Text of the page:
Archive for April, 2011

China Day 8: The City of Eternal Spring or Where is the Bloody Bank?!

Saturday, April 30th, 2011

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And thus the Yunnan portion of our journey began in the city of Kunming, one of the largest cities in Yunnan and the central hub for any exploration into the high altitude wilderness of the Tibetian plateau.  The much higher elevation meant cooler temperatures (a welcome respite from the humid torture that was Guangxi) and much clearer skies! Actually Kunming is known as the “City of Eternal Spring” because it enjoys one of the highest numbers of blue skies anywhere in China (which is quite a rarity in China, particularly along the populated eastern coast).

So our first day in Yunnan commenced with the bluest sky we’d seen thus far (and would see for the remainder of the vacation).  We chose to spend this lovely blue day by leisurely wandering about the city… and vainly trying to find a bank to exchange money.

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China Day 7: Mist on Karst or Shoot For the Tree, Land on the Moon

Friday, April 29th, 2011

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Today marked our last day in Yangshuo and our last day in Guangxi proper. It was also the first day that featured rain. Dreary gray skies greeted us in the morning and dampened our spirits. We had initially planned on hiking to Moon Hill. After some discussion, we opted to go to see the 1000 year old Banyan Tree instead, which was next to Moon Hill but wouldn’t require hiking.

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China Day 6: Along the Li River or Hiking on a Shoestring, Literally

Thursday, April 28th, 2011

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We rose bright and early (6:30am!) to head out for our long hike along the Li River. Our driver dropped us off at Yangdi, a sleepy, rundown town north of Yangshuo that sat on the banks of the Li River. Yangdi is a dingy place that is of note mostly as the starting point for the hike down the river to Xingping.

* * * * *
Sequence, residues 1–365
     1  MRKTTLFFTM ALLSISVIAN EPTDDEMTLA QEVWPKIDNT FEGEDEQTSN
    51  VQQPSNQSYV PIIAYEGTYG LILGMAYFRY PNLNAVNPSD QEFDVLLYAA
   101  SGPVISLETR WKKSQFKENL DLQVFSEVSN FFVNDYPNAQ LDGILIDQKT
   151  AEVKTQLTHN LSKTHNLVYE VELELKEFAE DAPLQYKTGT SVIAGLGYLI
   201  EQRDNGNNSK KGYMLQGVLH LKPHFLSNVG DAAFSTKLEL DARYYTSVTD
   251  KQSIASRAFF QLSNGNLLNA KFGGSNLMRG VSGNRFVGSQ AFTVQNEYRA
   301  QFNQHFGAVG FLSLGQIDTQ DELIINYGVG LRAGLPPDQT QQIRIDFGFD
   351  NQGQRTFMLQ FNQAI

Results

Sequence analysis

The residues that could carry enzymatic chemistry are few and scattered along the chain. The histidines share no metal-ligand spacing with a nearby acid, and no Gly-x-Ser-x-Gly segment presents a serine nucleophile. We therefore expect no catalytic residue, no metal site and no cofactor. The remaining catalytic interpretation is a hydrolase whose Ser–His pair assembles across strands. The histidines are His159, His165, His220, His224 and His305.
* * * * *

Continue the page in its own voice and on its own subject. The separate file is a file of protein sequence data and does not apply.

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China Day 5: Longi Sunrise and Liu Sanjie or I’m Going to Kill Puppies

Wednesday, April 27th, 2011

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We rose just after dawn to head up the hill toward the Nine Dragons and Tigers lookout (the place where the lights had almost caught us the previous night) to watch the sunrise over the town and terraces. Many of the village-folk had already risen, cleaning their stores or transporting things back and forth up the mountain. The haze still lingered over the terraces but the soft light of sunrise peaking from behind the hills and glinting off the terraces filled with water still looked lovely.

After admiring the view, we headed back down to our hotel to enjoy our last meal before heading out to Yangshuo. It was here that Chris made a rather fateful mistake.

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China Day 4: The Rice Terraces of Longi or Are Those Lights Shining At Us?

Tuesday, April 26th, 2011

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Morning found us in a slightly better mood than the previous day. I had somewhat come to grips with the fact my iPhone was stolen and was determined to make the best of it. We had originally planned to go to Solitary Beauty Peak that morning, but since it involved traversing through the dreaded pedestrian arcade we decided to sit back, relax, and wait for our ride that would take us to Longsheng and the Longi Rice Terraces.

Rice is grown everywhere in China and rice terraces aren’t exactly a unique phenomenon. There are two locales, however, that are known as THE Rice Terraces of China, the ones that have inspired art and breathtaking photography. One is 5 hours south of Kunming in Yuanyang. This is the number one place for panoramic beauty that attracts photographers everywhere. The other is equally as beautiful but more touristy. That place is Longi Rice Terraces, about 2 and half hours north of Guilin, home of the Yao and Zhuang  minority people.

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China Day 3: The Sweet Aromas of Guilin or God Damn It My iPhone Was Stolen

Monday, April 25th, 2011

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We awoke bright and early to enjoy our first day in the city of Guilin. Guilin is the hub of Guangxi, the center of the karst peaks. Despite it being a bustling, crowded city like any other Chinese metropolis, the ever-present scent of modernity is covered by rows of osthamthus trees– small yellow flowers that give off a sweet scent, not unlike that of jasmine.